Monday, May 16, 2005


My mother bore me,
but parents couldn't afford me.
So they sold me,
to these "good samaritans"
who proffered to take care of me.

Dangling the carrot of city life
over and above the paltry aid,
they beguiled my poor parents,
and bought a dirt-cheap maid.

Now, I must be seven or eight.
In this city bustling with people,
I 'work' as a live-in-maid
and foster this toddler so cute and supple.

Guests come and guests go,
wonder if they even notice me.
When they dine together,
I sit out in the balcony.

Unaware of the ways of the world,
the kid thinks I belong to the family.
In the bliss of mirth or tears of sorrow,
she simply toddles over to me.

Slowly, the garb of innocence will wane,
as societal wisdom the kid will gain.
Then I won't belong to her family,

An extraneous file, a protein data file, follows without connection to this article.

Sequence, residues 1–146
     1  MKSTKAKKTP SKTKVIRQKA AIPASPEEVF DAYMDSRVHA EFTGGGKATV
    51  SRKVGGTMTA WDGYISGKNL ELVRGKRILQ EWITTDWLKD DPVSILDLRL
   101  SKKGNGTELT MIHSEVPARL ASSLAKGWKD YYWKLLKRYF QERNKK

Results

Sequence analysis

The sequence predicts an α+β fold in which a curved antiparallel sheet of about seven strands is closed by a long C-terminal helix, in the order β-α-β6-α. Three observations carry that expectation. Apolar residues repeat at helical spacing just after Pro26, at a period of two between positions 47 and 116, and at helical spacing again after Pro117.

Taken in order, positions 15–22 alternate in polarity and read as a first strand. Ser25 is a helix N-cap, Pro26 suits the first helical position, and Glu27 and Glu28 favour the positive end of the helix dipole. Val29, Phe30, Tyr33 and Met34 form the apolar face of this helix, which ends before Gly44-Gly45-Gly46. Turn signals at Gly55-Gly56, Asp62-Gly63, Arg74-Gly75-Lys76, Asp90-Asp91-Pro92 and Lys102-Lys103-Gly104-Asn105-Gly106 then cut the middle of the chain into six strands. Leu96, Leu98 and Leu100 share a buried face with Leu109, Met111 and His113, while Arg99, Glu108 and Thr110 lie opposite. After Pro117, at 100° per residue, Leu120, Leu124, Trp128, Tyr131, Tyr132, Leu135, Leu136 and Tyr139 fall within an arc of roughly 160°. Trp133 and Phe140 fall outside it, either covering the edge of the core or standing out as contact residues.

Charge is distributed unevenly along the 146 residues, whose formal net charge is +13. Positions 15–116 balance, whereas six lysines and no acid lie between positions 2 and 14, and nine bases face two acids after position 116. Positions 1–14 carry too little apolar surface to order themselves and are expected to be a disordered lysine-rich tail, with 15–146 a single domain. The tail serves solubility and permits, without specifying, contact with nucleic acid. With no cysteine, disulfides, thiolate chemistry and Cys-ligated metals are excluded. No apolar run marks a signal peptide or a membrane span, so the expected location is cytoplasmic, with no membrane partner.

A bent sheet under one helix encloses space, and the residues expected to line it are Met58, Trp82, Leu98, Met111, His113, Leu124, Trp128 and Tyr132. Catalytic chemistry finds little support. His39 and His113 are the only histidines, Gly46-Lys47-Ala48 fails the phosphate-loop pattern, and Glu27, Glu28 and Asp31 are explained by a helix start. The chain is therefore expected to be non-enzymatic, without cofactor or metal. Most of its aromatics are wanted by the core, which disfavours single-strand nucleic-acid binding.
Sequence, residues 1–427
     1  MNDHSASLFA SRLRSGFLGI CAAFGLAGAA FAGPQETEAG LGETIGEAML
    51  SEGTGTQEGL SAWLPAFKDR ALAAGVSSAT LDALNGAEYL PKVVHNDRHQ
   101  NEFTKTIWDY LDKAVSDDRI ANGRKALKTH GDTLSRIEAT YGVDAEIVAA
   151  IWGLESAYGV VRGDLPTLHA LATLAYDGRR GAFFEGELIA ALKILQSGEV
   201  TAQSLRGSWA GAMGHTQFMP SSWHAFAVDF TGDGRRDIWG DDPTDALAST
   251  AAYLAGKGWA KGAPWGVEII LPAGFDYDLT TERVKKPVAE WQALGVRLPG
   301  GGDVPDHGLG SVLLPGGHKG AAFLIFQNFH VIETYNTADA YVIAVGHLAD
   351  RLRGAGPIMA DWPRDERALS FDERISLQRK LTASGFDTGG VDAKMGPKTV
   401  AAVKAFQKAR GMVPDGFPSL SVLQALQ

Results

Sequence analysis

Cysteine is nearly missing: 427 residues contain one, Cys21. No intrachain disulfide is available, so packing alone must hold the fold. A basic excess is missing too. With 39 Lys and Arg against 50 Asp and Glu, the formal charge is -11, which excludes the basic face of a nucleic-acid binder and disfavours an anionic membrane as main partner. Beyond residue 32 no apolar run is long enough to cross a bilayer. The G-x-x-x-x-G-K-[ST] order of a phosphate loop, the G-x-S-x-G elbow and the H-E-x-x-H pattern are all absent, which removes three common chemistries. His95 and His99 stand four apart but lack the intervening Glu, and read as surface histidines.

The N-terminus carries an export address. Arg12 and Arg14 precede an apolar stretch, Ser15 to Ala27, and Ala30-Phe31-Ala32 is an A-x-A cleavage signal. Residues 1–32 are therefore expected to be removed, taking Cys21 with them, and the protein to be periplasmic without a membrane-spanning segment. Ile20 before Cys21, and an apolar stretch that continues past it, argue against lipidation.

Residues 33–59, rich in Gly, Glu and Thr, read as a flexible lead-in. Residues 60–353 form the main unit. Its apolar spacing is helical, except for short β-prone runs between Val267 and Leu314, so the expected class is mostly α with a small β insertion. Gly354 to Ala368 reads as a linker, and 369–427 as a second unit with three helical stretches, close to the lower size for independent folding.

joy or pain, she won't hug me.

Her mother is her good weather friend;
she keeps the kid when neat and nice.
I get to keep her rest of the time,
whether she is busy or otherwise.

I've this house, but I need a home.
I get food, but I need some love.
I've a life, but I don't live - I exist.
I yearn for that one hug,
the touch smeared in affection,
a lap to put my head on,
a shoulder to cry on,
a face that lights up on my glimpse,
hands that beckon me, not just in my dreams.

In the ever gnawing loneliness,
grew my precocious seriousness.
The burden of this responsibility,
crushed my budding childishness.

I must be seven or eight.
I work as a 'live-in-maid'.
My name they say is Kaanta,
Waiting to be rescued by my Santa.